Master Classes in Customer Service

I just finished a gig working for the illustrious Gay Ducey, who, in addition to being a highly acclaimed storyteller, manages a small branch library.  Ducey has what I consider to be the perfect background for a public librarian; she is from the South, she has a background in theater and storytelling, and she was a social worker for a little while, before moving to libraries.

When people come into the branch, Ducey will often lean her elbows on the counter and say, “How you doin’?” in that particular way Southern women have of opening a conversation.  And here’s the thing, she’s interested in the response.  She’s attentive to stories of ailments, triumphs, grandbabies, and heartfelt philosophical treatises.  And she’ll remember this person, and their conversation, the next time they come in.  Ducey knows the names of all the regulars.  Not because she’s got a particular knack for names, but because she makes it a point to learn them.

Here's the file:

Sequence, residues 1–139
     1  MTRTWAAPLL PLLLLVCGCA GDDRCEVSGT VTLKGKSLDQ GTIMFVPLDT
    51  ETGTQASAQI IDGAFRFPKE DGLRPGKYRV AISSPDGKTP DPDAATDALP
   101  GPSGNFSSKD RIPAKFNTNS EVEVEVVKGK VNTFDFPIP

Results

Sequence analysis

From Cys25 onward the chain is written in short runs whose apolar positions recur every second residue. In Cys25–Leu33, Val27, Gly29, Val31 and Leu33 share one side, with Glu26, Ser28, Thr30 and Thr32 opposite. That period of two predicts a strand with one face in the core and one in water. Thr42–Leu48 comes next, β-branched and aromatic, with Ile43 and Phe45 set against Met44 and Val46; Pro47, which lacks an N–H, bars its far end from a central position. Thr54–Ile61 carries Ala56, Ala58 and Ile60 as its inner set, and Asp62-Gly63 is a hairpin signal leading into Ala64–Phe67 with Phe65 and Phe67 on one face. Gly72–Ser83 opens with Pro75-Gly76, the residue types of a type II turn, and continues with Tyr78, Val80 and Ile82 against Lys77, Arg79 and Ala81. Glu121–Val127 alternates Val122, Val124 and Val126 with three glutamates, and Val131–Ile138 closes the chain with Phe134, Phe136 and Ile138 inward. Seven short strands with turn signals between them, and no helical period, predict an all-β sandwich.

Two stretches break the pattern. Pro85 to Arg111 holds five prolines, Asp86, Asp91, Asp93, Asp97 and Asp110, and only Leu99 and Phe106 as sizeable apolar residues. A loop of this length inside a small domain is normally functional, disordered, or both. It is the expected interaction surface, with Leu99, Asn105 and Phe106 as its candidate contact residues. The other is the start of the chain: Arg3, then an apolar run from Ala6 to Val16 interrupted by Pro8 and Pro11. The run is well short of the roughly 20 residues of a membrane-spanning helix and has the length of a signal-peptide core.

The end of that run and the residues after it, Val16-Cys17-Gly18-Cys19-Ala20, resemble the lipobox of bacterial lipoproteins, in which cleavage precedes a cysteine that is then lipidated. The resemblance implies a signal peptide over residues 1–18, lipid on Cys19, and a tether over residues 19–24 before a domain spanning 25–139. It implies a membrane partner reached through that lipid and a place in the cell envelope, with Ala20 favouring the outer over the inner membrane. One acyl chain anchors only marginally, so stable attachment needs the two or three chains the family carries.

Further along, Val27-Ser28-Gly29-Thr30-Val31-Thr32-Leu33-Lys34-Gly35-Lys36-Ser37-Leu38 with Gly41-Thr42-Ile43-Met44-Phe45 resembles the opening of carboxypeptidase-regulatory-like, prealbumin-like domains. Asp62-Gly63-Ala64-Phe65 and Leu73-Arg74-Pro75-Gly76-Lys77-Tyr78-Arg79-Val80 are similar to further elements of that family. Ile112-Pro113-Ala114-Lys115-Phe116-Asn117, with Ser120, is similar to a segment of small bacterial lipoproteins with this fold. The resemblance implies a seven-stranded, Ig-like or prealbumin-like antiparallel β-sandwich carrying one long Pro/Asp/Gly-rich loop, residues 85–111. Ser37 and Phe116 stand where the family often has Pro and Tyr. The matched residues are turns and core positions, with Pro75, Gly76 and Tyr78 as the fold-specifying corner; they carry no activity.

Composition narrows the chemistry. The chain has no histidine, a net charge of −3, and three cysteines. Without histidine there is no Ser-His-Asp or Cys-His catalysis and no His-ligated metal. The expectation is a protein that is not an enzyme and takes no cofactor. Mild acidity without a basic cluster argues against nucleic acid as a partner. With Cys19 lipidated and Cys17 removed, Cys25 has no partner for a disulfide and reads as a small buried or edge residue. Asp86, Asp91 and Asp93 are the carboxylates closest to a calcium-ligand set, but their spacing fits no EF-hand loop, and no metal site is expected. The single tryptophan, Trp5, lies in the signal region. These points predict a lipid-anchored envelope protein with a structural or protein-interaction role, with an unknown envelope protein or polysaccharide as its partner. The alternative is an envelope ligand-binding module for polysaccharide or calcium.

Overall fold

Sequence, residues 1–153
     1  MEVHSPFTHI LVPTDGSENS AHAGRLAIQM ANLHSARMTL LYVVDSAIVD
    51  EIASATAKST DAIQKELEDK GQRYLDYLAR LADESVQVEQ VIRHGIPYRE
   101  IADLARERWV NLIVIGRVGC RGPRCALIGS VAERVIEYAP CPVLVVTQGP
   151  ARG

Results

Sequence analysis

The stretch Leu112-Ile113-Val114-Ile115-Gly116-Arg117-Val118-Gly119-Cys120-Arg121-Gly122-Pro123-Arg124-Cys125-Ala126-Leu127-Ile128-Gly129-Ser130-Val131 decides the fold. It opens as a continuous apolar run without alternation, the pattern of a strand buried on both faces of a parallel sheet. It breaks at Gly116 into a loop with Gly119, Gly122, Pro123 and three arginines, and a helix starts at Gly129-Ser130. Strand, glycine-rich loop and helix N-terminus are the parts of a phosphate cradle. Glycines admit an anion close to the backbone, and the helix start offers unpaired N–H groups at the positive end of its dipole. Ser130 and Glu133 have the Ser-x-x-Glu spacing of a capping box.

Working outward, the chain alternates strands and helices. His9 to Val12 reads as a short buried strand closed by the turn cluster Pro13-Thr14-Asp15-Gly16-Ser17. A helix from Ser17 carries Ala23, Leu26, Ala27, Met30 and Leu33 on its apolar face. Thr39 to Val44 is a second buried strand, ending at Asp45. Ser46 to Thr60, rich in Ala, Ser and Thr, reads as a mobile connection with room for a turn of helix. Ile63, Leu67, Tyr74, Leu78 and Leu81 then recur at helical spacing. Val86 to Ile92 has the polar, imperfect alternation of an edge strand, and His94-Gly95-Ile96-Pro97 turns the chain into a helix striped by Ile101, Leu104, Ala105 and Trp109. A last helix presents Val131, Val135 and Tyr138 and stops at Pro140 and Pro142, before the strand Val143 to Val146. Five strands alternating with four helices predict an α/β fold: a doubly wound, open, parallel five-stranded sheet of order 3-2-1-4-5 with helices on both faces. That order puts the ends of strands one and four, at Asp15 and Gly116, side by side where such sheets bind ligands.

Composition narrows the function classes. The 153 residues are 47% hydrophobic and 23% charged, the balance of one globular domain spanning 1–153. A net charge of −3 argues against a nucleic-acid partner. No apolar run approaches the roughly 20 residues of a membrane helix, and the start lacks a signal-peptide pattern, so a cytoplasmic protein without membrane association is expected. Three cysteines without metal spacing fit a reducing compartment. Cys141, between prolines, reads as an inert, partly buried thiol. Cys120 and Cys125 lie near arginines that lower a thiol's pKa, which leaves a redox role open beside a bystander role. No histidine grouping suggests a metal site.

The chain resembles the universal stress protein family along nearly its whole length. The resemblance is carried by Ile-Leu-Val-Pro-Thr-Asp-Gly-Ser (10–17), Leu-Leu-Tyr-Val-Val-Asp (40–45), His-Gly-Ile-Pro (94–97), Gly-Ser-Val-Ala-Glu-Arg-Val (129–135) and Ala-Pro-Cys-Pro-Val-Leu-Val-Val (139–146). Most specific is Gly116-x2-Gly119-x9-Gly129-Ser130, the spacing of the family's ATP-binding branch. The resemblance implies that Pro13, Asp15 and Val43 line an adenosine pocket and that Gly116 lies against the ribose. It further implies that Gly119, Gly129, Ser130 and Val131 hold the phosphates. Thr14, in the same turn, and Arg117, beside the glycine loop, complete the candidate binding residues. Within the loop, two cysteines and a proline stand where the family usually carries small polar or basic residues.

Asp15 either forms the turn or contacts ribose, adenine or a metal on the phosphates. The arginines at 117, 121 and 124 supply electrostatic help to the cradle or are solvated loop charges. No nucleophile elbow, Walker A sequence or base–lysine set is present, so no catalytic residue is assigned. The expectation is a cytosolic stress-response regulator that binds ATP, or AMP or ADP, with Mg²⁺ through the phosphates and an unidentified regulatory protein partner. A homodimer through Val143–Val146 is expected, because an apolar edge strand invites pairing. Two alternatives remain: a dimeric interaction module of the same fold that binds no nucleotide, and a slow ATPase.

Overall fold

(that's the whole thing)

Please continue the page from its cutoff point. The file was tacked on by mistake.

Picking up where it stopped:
To grow a library community, you must cultivate people.  You must get to know your patrons.  In library school, we learned about environmental scans, and patron surveys.  These tools are useful.  If you want to get to know your community, the numbers help.

But when Gay Ducey wants to know what books to purchase for her patrons, she asks them.

That personal touch is worth any number of reports.  This interaction is what’s really driving the library

Welcome HOme

One response

  1. She sounds wonderful! This is one of the big advantages of small branch libraries where people come to chat and meet people and enjoy being welcomed by library staff who recognise and show an interest in them. Big libraries have a place but cannot substitute for small, local branches.

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